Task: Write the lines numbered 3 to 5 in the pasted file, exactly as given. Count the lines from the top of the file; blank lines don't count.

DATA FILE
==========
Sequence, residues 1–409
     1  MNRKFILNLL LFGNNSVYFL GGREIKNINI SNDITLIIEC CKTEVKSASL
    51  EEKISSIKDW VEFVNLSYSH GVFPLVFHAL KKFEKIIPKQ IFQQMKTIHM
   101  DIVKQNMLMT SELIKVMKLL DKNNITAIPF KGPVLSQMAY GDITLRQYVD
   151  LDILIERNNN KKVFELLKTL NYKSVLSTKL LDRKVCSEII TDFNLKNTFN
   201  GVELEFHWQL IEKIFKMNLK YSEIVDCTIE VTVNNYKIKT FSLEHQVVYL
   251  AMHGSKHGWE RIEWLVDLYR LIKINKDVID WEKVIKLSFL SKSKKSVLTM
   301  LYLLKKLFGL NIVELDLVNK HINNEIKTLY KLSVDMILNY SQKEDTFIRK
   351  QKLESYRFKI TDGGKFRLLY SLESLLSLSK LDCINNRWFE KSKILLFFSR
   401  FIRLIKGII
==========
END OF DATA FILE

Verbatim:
    51  EEKISSIKDW VEFVNLSYSH GVFPLVFHAL KKFEKIIPKQ IFQQMKTIHM
   101  DIVKQNMLMT SELIKVMKLL DKNNITAIPF KGPVLSQMAY GDITLRQYVD
   151  LDILIERNNN KKVFELLKTL NYKSVLSTKL LDRKVCSEII TDFNLKNTFN